‘Young Mungo’ is ‘Heartstopper’ with an edge and could bring us our next favorite rising stars.
As GLAAD’s annual “Where We Are On TV” report made clear, overall LGBTQ+ representation on television is decreasing, due in large part to to the major wave of cancellations in the past year, which overwhelmingly impacted queer programming.
And while that can feel bleak, the good news is that we know plenty new queer-centric stories are on the way. Among the most exciting is a television adaptation of the best-selling novel Young Mungo from gay author Douglas Stuart.
According to Deadline, indie powerhouse A24 (the studio behind the likes of Euhporia and this year’s Oscar behemoth Everything Everywhere All At Once) has optioned the book for TV. Notably, it will be their second collaboration with Stuart, as they’re already adapting his Booker Prize-winning debut Shuggie Bain for the BBC.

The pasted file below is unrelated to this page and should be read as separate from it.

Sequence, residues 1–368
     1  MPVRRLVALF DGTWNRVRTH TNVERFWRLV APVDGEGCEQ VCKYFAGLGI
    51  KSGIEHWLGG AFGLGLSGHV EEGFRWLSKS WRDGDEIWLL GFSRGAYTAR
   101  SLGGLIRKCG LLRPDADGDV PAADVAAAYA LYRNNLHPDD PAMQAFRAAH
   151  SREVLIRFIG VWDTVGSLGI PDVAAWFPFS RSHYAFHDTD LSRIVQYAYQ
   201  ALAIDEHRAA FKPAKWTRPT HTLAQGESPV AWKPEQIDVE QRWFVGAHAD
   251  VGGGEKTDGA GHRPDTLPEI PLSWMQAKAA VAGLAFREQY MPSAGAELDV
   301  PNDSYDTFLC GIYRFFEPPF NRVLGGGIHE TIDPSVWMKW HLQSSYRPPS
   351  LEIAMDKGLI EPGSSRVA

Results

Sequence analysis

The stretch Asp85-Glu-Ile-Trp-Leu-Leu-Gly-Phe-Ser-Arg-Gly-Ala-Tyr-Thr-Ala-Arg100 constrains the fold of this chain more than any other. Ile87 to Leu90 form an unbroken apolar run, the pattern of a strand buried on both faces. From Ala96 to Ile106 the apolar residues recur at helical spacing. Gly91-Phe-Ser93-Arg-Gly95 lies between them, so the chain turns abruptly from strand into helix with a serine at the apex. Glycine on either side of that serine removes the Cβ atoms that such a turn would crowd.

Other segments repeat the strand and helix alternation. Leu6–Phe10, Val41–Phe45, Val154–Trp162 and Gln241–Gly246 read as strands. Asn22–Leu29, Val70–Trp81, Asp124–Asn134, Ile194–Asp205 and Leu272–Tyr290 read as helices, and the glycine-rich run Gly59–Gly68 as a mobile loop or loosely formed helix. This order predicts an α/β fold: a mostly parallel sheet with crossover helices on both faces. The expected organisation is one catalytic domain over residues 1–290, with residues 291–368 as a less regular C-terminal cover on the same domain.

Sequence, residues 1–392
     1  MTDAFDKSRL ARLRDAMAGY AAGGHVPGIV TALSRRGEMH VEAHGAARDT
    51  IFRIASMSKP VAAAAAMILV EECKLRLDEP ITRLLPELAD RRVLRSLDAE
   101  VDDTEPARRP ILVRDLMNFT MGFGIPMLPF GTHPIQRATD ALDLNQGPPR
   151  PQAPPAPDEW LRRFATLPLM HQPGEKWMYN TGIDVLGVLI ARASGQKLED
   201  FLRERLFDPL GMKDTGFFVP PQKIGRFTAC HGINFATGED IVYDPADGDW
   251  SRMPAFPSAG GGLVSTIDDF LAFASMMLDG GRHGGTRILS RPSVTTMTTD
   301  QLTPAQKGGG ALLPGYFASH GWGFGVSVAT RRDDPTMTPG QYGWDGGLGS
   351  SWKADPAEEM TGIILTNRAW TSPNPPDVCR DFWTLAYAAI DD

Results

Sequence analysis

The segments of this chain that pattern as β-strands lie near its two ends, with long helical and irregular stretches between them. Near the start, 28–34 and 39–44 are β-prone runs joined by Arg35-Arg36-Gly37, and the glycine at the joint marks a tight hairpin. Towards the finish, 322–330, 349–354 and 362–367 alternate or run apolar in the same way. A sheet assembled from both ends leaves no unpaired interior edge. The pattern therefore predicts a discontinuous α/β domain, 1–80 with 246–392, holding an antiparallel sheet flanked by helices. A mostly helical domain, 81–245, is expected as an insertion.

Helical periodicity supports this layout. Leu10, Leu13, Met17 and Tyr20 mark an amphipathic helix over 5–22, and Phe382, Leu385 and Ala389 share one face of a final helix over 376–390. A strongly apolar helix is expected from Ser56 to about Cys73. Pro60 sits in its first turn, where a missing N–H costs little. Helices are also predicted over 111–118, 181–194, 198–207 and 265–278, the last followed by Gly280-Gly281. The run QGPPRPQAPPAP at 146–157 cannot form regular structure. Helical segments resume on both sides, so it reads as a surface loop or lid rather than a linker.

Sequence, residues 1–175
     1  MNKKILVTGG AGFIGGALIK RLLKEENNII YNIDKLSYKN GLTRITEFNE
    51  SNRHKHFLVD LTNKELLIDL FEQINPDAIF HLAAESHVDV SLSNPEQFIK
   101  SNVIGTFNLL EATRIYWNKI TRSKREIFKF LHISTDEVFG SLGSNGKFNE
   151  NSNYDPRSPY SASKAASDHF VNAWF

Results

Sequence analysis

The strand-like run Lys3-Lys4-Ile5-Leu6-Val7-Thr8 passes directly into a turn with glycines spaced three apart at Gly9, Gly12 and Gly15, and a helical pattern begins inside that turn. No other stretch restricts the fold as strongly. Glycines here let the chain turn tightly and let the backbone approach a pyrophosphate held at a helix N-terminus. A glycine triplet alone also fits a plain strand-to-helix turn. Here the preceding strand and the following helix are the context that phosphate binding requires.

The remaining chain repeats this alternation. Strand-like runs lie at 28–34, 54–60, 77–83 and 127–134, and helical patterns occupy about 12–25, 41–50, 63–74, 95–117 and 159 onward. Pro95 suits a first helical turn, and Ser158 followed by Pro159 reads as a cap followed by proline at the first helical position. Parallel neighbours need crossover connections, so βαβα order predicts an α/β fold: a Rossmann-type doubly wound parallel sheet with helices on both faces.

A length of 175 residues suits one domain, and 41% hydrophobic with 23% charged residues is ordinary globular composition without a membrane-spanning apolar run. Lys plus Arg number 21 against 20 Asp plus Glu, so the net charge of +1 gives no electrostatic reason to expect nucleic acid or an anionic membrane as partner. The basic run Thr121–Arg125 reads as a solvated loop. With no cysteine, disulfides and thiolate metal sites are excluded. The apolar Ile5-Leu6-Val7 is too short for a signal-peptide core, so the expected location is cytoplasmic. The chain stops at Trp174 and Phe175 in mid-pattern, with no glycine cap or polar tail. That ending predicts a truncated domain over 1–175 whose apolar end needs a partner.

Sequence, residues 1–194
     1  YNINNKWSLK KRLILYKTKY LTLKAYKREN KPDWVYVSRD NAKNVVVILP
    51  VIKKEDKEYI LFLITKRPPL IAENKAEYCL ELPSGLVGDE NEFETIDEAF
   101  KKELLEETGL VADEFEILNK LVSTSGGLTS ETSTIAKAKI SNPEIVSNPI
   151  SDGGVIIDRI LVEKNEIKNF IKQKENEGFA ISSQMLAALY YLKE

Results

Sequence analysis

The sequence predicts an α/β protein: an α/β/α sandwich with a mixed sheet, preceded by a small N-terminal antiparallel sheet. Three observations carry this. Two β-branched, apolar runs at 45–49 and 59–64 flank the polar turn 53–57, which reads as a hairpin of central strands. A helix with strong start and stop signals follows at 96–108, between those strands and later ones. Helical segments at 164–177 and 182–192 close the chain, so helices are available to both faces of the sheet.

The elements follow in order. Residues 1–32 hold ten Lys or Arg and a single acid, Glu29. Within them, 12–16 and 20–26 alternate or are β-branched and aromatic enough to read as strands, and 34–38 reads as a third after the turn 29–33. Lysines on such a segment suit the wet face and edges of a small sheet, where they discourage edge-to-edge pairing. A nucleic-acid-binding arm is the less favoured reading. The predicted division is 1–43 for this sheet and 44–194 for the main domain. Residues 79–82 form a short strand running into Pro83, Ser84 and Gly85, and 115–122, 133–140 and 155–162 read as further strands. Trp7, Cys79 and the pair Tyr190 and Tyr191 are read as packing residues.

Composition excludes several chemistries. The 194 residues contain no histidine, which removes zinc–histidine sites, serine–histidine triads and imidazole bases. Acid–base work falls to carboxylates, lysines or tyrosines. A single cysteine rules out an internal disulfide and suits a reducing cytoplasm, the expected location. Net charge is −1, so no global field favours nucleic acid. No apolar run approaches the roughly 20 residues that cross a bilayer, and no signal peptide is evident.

Set in Glasgow (where Stuart himself grew up) in the 1990s, Young Mungo is the story of a teen named Mungo, who comes to realize he has feelings for a neighbor boy named James, and the two eventually make plans to leave home together.
But before you clock it as another coming-out/coming-of-age Heartstopper redux, we should warn you that Young Mungo ultimately tells a story that is much more brutal.
For one, Mungo and James inhabit a hyper-masculine world, set during a time marked by street violence and general divisiveness. Mungo comes from a Protestant family, while James’ is Catholic—they should be sworn enemies, so even their friendship is taboo. And that’s to say nothing of the secret romance that blossoms between them.
Then there’s Mungo’s older brother, Hamish, who is a feared local gang leader, pushing his sibling to remain loyal. Their mother, Maureen, is dealing with alcoholism and demons of her own, and takes matters into her own hands when she discovers her youngest might be gay.